Grove City College historical theologian, Carl R. Trueman, has published an interesting opinion piece in the Wall Street Journal. The July 10, 2023 essay concerns a University of Notre Dame professor who is suing one of the school’s independent student newspapers, The Irish Rover. Trueman writes:
Stories of students canceling speakers have become commonplace in recent years. Last week South Bend, Ind., saw a new riff on this theme when Notre Dame sociology professor Tamara Kay sued a student newspaper for defamation, alleging that it misrepresented comments she made about abortion.
At issue are articles published in October 2022 and March 2023. Ms. Kay disputes the latter article’s assertion that she was “posting offers to procure abortion pills on her office door.” The defense brief says this was based in part on a sign posted on Ms. Kay’s office door: “This a SAFE SPACE to get help and information on ALL Healthcare issues and access—confidentially and with care and compassion.” Ms. Kay also alleges the March article falsely attributes statements to her at an appearance before the Notre Dame College Democrats; the paper says a transcript shows the quotations are substantially true. The Rover has filed a motion to dismiss the lawsuit under Indiana’s anti-SLAPP legislation designed to protect freedom of speech.
While the lawsuit’s immediate context is Notre Dame and its Catholic identity, the underlying issues raise deeper and broader questions about religious educational institutions and academic freedom.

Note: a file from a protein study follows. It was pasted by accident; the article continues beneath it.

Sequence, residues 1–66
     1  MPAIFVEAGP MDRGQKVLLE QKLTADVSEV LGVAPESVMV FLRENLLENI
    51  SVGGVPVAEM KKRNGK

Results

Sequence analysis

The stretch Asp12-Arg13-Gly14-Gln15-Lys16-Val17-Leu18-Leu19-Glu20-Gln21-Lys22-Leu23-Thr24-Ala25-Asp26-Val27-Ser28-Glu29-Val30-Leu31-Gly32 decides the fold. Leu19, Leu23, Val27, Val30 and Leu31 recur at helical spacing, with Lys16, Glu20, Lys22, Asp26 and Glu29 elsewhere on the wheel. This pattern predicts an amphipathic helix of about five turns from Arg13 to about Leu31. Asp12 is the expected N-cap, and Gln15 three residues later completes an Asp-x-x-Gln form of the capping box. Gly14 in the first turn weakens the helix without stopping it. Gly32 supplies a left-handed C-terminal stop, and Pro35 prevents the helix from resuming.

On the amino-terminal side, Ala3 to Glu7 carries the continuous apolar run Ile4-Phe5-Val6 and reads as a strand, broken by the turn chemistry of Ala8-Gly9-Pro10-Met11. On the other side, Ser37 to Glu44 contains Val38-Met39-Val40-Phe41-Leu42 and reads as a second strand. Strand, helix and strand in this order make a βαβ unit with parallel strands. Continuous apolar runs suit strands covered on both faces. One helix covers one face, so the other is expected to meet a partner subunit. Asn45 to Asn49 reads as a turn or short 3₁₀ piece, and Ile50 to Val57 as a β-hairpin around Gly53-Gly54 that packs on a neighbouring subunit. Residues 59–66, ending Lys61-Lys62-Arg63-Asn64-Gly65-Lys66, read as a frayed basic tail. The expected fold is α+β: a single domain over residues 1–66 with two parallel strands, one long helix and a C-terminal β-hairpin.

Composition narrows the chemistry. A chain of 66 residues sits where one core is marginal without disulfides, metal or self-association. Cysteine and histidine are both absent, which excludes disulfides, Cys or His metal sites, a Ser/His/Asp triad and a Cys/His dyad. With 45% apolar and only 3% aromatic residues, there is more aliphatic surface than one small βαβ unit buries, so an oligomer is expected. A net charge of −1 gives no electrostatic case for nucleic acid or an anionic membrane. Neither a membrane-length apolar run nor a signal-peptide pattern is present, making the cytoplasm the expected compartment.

Professor Trueman focuses on the consequences to academic freedom in college settings in which professors may file lawsuits against dissenting students at faith-based institutions. Although I share Professor Trueman’s concerns as well as his negative assessment of the quality of Professor Kay’s case, I do think (and Professor Trueman agrees) that there may be situations in which a professor has been defamed by a student newspaper or social media post, and for this reason legal action is justified. I can speak from personal experience. Over 15 years ago, a reporter from Baylor’s student newspaper, The Lariat, requested an interview with me about a matter of great controversy on campus. (I’d rather not mention what it was, since it’s all just ancient history to me now). I declined the interview. But the next morning, lo and behold, “an interview” with me appeared in the paper. The reporter, the son of a well-known Baylor professor, had clipped and pasted from some of my academic articles “answers” to questions I was never asked, giving the impression that the student had actually interviewed me. I immediately contacted the general counsel’s office and filed an informal complaint. Within two hours all the copies of the paper had been collected from bins around campus and destroyed. The reporter was never punished for what was a clear violation of the university’s honor code. After graduation, he was hired by the local paper, the Waco Tribune-Herald. I did not pursue the matter any further, though I think I would have been within my rights in doing so. (For about five years afterwards I regretted not having done so. But now, with the benefit of better hindsight, I am happy that nothing more came of it. I am sure the reporter was a decent young man just caught up in the moment, as many of us were apt to be when we were college students).